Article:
No area of journalism has been as impacted by social media as football coverage. Under a model that naturally sees reporters advertising and declaring which team they support, pillars of journalistic practice were left aside by professionals who act as influencers.
Not even political coverage has been so influenced, although there are many similarities, such as the hyperbolic tone of statements made to end up in videos and viral posts that will be spread by algorithms. The more unreasonable the comment, the greater the repercussion, as usual.
Thus, it became common to see journalists who previously only reported what happened by issuing opinions. Many of them continue to provide relevant information, but the border between reporting and commentary is over. André Hernan is an example of this change. Former Globo, he left the broadcaster after more than a decade to migrate to NWB, a social media giant and career manager for several well-known YouTubers.
In his new home, he started to promote brands, and on his channel he advertises promotion coupons that sometimes bear his name. This, of course, is not exclusive to Hernan nor was it invented by him — Milton Neves has been using the same practice for decades, even though he is more of a presenter than a journalist. Either way, social media has intensified this behavior in ways never seen before.
The duo Arnaldo Ribeiro and Eduardo Tironi advertise all sorts of things, from baldness products to health insurance. At the end of 2023, journalists experienced a curious situation. At the time, they were sponsored by Sportsbet.io, then a sponsor of São Paulo, to which their channel is dedicated.
When the club began negotiating the change of sponsor — for another bet —, Arnaldo and Tironi experienced a conflict of interest, regardless of what they said or didn’t say.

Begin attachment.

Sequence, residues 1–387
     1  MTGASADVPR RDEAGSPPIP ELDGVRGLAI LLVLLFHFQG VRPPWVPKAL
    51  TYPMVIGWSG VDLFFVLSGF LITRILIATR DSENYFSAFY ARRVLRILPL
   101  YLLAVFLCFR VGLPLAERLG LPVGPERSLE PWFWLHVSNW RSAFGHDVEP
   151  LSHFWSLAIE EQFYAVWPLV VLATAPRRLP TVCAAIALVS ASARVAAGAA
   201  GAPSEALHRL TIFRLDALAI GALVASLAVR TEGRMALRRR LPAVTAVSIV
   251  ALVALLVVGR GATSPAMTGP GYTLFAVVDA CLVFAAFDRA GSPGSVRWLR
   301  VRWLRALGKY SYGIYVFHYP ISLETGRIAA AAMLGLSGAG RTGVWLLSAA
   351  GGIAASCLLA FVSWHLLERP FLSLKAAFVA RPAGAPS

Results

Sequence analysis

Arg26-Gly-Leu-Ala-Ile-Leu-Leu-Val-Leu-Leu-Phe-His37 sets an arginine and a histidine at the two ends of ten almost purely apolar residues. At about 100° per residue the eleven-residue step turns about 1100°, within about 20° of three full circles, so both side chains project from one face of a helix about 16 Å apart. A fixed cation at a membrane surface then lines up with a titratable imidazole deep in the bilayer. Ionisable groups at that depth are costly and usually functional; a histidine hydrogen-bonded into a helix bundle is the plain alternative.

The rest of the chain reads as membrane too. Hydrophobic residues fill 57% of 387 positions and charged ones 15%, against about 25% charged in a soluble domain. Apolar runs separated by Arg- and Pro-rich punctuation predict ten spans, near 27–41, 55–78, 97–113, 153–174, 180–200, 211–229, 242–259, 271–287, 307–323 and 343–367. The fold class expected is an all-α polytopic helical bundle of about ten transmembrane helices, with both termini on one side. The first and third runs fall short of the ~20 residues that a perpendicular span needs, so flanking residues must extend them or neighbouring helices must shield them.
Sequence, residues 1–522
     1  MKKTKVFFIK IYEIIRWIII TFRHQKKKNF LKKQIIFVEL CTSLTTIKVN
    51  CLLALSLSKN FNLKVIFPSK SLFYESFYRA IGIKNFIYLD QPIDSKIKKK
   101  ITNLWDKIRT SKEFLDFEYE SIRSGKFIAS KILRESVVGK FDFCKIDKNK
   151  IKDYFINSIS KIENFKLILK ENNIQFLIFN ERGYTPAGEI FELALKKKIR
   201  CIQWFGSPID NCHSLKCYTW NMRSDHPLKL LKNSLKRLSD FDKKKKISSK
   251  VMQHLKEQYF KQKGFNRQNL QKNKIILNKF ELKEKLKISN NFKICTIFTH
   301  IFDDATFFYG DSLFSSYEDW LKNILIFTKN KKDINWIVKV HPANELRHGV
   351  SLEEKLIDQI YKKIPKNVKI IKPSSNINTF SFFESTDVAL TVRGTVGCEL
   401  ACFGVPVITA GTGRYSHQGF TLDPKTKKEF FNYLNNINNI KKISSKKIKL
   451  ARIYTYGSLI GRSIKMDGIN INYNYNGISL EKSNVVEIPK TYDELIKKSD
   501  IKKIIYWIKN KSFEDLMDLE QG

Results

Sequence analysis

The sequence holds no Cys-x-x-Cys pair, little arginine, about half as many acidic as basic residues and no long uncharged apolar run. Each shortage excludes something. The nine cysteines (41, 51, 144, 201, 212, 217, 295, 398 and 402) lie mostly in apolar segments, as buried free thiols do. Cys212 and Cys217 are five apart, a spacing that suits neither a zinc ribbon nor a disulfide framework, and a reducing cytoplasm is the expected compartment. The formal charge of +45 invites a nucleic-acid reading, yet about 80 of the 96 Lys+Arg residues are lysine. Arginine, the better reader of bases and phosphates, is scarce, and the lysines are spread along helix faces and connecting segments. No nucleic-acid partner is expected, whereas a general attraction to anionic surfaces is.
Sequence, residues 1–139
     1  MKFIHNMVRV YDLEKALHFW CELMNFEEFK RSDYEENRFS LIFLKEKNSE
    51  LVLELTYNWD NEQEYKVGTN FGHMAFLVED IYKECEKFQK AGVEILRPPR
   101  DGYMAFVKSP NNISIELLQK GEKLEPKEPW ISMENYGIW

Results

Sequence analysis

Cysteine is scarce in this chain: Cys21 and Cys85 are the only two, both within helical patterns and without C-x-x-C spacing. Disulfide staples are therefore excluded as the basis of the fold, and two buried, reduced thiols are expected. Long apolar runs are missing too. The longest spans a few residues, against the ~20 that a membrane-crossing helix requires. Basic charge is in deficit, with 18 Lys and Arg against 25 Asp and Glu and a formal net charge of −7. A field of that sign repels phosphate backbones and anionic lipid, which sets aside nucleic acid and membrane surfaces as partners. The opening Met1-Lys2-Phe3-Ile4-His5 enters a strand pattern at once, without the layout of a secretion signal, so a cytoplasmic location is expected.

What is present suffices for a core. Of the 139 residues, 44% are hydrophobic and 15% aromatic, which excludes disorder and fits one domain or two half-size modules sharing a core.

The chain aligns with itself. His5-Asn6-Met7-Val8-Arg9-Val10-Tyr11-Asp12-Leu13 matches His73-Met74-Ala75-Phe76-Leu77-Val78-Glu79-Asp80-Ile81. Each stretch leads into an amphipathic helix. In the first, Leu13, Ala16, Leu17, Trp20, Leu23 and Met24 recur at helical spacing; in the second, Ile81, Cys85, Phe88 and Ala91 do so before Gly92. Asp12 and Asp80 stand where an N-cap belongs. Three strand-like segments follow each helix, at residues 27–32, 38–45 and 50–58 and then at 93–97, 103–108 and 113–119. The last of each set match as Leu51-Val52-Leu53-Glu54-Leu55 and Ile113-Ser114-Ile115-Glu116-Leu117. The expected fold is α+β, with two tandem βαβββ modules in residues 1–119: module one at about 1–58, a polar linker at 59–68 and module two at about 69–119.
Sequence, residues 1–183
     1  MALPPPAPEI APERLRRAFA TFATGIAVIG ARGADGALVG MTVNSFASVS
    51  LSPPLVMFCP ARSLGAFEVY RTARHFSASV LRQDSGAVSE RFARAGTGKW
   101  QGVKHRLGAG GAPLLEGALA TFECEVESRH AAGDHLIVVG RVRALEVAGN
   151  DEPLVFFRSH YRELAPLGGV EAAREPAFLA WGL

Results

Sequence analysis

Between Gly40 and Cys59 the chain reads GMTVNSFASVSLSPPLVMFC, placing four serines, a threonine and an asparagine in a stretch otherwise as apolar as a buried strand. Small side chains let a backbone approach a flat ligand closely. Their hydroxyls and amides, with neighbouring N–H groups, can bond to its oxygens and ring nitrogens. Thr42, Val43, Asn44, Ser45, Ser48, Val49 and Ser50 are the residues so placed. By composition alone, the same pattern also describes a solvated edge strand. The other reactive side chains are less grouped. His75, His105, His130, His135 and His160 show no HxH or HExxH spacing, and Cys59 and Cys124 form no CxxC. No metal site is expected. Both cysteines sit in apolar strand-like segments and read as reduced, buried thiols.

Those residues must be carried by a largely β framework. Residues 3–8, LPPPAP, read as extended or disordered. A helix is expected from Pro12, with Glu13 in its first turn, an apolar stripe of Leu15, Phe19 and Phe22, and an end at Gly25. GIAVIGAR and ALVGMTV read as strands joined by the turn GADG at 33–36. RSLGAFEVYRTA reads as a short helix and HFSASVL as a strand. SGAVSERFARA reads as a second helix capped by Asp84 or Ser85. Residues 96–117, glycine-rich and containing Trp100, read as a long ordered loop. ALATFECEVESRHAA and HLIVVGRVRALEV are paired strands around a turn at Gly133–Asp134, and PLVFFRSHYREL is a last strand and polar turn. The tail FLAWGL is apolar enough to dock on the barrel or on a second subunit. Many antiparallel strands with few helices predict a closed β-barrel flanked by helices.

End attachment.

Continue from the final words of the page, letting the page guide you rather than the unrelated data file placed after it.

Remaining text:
Before, on ESPN, the channel where they worked, they commented on news about different teams, which they still do, but now most of the content they produce is about the club of which they are declared fans. Many see admission as a form of transparency, which has always been considered sacrilege in professional journalism, since taking on one’s favorite team is seen as synonymous with a lack of impartiality.
Again, there are cases prior to the popularization of networks, as evidenced by Corinthians Juca Kfouri, columnist for this Sheetbut just like in the case of advertisements, this stance has spread and today it seems to be the rule.
It can be transparency, yes, but it is also a way of identifying with the target audience, which is increasingly separated into niches and wants to feel represented by a journalist who thinks like the fan.
Faced with a media industry that is finding it difficult to stay afloat, this type of coverage far from professional guides is spreading, driven by the wave of podcasts in which former players have free reign to say whatever they want without being confronted and by channels of influencers in which players are invited to take on challenges, such as who hits the post the most shots.
Sports journalism has always had its share of entertainment and, not by chance, Globo removed its sports division from the journalism umbrella in 2017. Under the impact of networks, journalistic practice is increasingly becoming entertainment. And the reader/viewer/user must look to understand the difference.
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